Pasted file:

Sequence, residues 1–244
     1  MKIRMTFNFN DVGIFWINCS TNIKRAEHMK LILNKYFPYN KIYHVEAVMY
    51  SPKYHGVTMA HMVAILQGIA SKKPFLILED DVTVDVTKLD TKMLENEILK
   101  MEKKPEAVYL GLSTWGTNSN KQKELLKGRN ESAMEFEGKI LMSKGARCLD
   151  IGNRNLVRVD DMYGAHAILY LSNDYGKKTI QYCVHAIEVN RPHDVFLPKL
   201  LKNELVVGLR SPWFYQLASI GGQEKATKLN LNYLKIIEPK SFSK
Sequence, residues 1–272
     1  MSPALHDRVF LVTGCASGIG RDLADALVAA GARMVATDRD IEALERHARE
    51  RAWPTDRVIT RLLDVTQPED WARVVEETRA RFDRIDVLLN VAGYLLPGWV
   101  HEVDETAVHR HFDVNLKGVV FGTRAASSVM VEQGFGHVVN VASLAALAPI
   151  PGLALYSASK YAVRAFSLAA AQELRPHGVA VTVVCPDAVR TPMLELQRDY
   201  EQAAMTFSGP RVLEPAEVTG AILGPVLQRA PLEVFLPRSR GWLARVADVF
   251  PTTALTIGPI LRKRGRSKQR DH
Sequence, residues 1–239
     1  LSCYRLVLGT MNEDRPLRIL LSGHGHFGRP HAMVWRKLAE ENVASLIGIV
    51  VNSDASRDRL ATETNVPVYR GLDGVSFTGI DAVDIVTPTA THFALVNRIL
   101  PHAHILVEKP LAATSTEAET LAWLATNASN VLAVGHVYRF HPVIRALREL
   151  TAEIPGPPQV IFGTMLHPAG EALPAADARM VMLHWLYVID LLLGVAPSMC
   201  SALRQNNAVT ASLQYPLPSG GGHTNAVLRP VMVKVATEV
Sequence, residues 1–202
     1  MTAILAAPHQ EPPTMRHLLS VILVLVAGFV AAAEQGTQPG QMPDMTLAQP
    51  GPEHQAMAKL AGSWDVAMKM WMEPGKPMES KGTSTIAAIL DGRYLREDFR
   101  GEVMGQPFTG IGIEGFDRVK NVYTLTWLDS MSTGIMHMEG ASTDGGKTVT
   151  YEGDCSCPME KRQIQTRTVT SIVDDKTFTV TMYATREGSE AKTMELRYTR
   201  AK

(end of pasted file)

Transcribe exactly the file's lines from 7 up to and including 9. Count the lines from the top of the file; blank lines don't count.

Sequence, residues 1–272
     1  MSPALHDRVF LVTGCASGIG RDLADALVAA GARMVATDRD IEALERHARE
    51  RAWPTDRVIT RLLDVTQPED WARVVEETRA RFDRIDVLLN VAGYLLPGWV